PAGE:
I have no doubt that, over time, the new digital media (NDM) will change our minds—both their contents and their manner of processing information. But the most profound media effects occur slowly. Plato was afraid that writing would change thinking and memory, and he was right about that—but it took decades, perhaps centuries, for the ways that we write to alter the way that we speak, categorize, remember, or distort. So, too, the changes that were wrought by the printing press, the telegraph, and the broadcast media were substantial, but not immediately manifest or understood.
Though he is much criticized nowadays, Marshall McLuhan had genuine insights here. McLuhan argued that new media invariably begin by presenting the contents of the old media: radio and movies first presented the theatrical stage, television initially was visually-presented radio, and so on. This characterization is even true of the NDM, whose initial games, webcasts, search engines, and social networks draw heavily on prototypes developed in a predigital age. It takes time to arrive at the forms of presentation that take advantage of the distinctive features of each new medium.
On the other hand, another of McLuhan’s aphorisms may prove timebound. McLuhan famously contended “The medium is the message.” The classic example here is the 1960 television debates between John F. Kennedy and Richard M. Nixon. Those who heard the debates on radio thought that the authoritative-sounding Vice President had won on points; those who watched the debates on television felt more in synch with the young Senator from Massachusetts. But increasingly, the print, broadcast, and other communication media are merging; in the future, users may pay no attention to the source of, or the means employed by, converging media.
I think Dr. Gardner spot on with regard to the biases of current media and the impact they are having on our society. In our analysis of culture, we Media Ecologists consider the biases regarding time and space of a medium and what attitudes, beliefs and institutions those biases encourage. Harold Innis would have noted whether a medium has permanence and therefore enables communication over time, or is portable and therefore encourages communication over space. This frame of reference has been amended by Walter J. Ong who noted that the salient feature of any human culture is whether it is completely or primarily oral and shapes it cultural institutions around the oral/aural transmission of information or is literate, possessing a means of writing down and transmitting information through sight.
Marshall McLuhan would have added that any technology can be investigated in a four-fold manner. What does it enhance? What does it obsolesce? What does it retrieve that had been lost? What does it reverse into when pushed to an extreme?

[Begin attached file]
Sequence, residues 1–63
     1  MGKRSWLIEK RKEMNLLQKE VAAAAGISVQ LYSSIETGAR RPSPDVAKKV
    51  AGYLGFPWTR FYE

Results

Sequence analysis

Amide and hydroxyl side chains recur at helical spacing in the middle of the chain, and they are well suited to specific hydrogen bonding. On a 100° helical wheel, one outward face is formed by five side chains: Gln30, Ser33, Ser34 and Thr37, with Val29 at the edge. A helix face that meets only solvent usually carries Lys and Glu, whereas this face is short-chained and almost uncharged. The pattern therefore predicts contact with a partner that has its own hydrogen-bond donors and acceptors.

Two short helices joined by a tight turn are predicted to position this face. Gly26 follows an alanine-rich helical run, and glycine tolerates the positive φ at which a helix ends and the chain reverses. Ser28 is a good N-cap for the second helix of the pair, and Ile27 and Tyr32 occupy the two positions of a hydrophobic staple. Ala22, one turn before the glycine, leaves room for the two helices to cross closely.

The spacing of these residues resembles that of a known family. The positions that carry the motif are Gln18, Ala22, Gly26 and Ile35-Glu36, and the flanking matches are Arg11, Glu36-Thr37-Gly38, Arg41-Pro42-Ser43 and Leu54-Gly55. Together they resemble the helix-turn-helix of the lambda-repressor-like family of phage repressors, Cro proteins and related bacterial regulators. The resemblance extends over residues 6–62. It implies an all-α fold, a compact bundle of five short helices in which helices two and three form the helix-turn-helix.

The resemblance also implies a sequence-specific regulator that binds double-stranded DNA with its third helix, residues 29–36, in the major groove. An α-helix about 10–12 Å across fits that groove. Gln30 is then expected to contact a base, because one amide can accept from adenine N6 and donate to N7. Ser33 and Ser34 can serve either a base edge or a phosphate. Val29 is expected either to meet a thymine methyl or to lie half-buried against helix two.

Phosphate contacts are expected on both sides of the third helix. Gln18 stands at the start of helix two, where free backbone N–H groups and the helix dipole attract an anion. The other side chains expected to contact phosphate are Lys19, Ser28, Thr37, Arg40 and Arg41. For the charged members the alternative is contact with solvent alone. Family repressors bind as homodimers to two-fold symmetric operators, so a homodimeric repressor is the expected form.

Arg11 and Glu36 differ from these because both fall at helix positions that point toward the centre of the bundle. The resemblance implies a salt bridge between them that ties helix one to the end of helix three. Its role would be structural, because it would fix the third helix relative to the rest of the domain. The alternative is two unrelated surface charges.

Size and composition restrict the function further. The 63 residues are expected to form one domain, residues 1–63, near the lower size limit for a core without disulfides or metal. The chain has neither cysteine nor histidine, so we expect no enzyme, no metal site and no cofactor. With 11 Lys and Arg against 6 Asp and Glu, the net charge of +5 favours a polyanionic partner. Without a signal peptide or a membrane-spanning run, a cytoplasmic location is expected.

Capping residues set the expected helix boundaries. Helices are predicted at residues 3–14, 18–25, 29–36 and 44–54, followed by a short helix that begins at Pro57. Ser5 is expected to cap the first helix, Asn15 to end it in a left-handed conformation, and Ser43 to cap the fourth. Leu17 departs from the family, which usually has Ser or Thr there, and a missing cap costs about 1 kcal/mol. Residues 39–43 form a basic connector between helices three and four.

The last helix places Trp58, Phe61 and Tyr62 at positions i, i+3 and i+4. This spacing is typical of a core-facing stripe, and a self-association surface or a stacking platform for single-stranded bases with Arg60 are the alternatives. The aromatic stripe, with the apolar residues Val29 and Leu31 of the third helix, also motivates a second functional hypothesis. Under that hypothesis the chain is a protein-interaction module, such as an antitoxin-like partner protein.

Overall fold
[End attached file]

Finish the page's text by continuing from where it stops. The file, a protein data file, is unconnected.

The older media have a spatial bias. They can influence mass audiences over great distances, but until recently, were ephemeral. Access to recordings of old programming or even films was not universally available. In primary orality, human memory and speech were the means by which information was stored and transmitted. In the manuscript and print era, writing allowed a disconnect between the source of the message and the recipient. Until recently, any film, TV or radio program was here today and gone tomorrow, thereby mimicking the operation of primary orality cultures. Our transmission of the content of those media remained largely oral, with some commentary in writing.
With regard to the Internet and the accompanying digital media (cell phones, cheap digital recorders and editors, etc.) it seems to me that the medium of the Internet encourages and augments the transition begun with film, radio and television to a culture of secondary orality. The new digital media remove the spatial bias of the older media by allowing the recording and replay of anything anywhere. The Internet allows for the immediate retrieval and replay of almost everything and adds external memory to our secondary orality media. This is the true transformation of our culture that we are witnessing. For example, before YouTube, the recent Imus imbroglio would have been inconceivable. His comments would have faded away immediately after they were delivered. The new media preserves moments like these (Imus’ racial slur, George Allen’s “macaca” remark, etc.) for continuous review.